India is no longer willing to let go what is rightfully hers. That’s the message with which the world walked away after a heart stopping diplomatic contest between India and Britain at the United Nations for the last open seat on the International Court of Justice.
Officially, the contest was between Britain’s Christopher Greenwood and India’s Dalveer Bhandari for election to the ICJ. Both were sitting judges of the court, with Greenwood serving since 2008 and Bhandari serving since 2012.
Five seats were open for election and four judges had already been elected, one each from Brazil, France, Lebanon and Somalia. The British press was already calling it a diplomatic humiliation for their country when the UK failed to muster support directly and was forced into a runoff election versus India.
After all, the ICJ has always had at least one British judge ever since the court was established in 1946. To be elected, a candidate must secure the confidence of both the UN General Assembly (193 members) and the Security Council (15 members). Should the two chambers disagree with each other, multiple rounds of voting are held in each house to resolve the situation.
Britain’s Christopher Greenwood held the lead in the Security Council, with 9 votes to India’s 6. But the General Assembly disagreed. And as the General Assembly voted over and over again, Bhandari’s lead grew. At last count, India had 121 votes, nearing a two-third majority in the house of 193.
But the Security Council refused to budge. Although the vote is held by secret ballot, it is widely believed that the powerful P-5 were sticking with the British judge, insistent on showing their power. After all, if India snubs Britain today, it could be any other P-5 member tomorrow. Incidentally, that’s exactly what we hope India will achieve one day.
The British in desperation pressed for an arcane mechanism of a Joint Conference to resolve the deadlock. Such a Joint Conference would have just 3 members each from the General Assembly and the Security Council. This method only exists in the rule books and has never been used before.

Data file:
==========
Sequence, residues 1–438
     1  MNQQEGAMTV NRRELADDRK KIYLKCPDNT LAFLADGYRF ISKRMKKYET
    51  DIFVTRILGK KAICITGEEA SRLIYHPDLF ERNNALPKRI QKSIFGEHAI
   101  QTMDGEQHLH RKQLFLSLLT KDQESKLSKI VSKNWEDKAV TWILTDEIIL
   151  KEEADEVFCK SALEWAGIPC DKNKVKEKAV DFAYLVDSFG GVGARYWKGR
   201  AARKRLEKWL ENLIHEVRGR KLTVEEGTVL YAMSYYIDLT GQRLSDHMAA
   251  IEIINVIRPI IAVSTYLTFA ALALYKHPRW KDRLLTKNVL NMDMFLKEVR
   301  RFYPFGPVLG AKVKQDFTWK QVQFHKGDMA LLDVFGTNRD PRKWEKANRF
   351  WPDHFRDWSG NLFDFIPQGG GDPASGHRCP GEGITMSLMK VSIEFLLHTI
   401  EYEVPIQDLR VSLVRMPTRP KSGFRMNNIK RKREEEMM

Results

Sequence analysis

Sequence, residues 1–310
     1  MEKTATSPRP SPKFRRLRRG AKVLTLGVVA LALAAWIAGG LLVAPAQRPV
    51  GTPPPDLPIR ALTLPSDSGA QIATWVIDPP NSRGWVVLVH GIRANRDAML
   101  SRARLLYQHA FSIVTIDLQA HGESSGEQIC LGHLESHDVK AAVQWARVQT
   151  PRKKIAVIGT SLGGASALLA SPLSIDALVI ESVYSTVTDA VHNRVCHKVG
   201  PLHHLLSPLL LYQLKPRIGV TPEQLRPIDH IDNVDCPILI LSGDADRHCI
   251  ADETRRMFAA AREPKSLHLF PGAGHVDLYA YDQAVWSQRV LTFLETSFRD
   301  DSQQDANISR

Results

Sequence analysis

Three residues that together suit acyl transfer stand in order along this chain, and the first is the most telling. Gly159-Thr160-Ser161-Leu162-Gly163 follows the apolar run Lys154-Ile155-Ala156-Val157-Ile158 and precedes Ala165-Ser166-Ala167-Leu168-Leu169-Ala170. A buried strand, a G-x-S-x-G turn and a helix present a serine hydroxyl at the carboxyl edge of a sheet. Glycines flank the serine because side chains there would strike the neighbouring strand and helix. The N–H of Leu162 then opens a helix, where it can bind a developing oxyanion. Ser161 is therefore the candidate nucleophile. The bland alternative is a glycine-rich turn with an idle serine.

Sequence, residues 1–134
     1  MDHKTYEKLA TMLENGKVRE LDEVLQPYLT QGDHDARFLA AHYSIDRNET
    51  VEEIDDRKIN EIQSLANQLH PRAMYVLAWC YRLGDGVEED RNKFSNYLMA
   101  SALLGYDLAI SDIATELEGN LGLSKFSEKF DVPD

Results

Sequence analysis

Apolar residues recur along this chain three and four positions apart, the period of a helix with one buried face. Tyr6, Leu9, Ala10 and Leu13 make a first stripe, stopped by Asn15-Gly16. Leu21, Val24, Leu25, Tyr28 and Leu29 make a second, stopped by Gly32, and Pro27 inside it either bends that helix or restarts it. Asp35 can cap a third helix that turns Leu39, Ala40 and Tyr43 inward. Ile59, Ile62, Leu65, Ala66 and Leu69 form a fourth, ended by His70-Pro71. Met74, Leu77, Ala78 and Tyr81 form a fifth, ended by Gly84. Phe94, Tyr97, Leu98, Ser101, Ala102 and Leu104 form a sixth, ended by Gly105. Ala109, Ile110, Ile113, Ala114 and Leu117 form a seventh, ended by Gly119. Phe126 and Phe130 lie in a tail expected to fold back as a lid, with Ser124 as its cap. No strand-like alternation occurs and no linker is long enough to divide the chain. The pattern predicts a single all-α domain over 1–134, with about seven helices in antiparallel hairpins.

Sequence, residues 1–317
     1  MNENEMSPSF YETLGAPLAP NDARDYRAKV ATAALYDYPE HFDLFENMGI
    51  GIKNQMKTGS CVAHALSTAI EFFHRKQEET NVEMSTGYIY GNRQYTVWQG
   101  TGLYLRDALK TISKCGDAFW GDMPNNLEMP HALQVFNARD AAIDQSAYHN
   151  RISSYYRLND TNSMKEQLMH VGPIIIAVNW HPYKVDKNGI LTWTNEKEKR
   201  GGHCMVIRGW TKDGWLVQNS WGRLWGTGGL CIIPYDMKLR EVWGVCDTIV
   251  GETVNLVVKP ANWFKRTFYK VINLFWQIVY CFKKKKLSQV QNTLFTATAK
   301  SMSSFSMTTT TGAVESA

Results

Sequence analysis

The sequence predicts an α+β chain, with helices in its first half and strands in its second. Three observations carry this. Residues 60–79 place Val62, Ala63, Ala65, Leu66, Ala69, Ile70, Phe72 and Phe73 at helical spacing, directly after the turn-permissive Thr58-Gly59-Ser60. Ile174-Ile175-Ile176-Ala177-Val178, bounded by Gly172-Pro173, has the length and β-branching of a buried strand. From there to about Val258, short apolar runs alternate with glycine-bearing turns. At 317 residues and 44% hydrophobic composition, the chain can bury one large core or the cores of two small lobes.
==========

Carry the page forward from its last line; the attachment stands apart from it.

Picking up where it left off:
Also, as is wont with diplomatic intrigue, rumors were spread that India will get Bhandari to withdraw from the contest. Or that India had agreed to the Joint Conference mechanism. Both rumors were strongly denied by Syed Akbaruddin, India’s permanent representative to the UN.
The game was set for what The Times of India called possibly the “worst diplomatic showdown” between India and the UK in recent times.
And then it all happened. Here are the results of the voting in both chambers of the UN, shared by Syed Akbaruddin (Thank you sir, you are a hero!)
183 votes in the General Assembly. All 15 votes in the Security Council.
The British blinked. Greenwood withdrew from the contest. Bye, ol’ chap! Smiles all around for the Indian camp.
External Affairs Minister Sushma Swaraj tweeted out the happy news.
Thank you Madam. May there be many more such moments.
India bears nobody any ill will. But, between weakness and strength, we choose strength. Our rise is both relentless and inevitable and it must be duly acknowledged. That’s our message and we have delivered it powerfully on the world stage. Happily, our message has been accepted willingly by everyone in the community of nations.
Without missing the irony of quoting William Shakespeare over here, let me just say that All’s well that ends well.
Abhishek Banerjee is a math lover who may or not be an Assistant Professor at IISc Bangalore.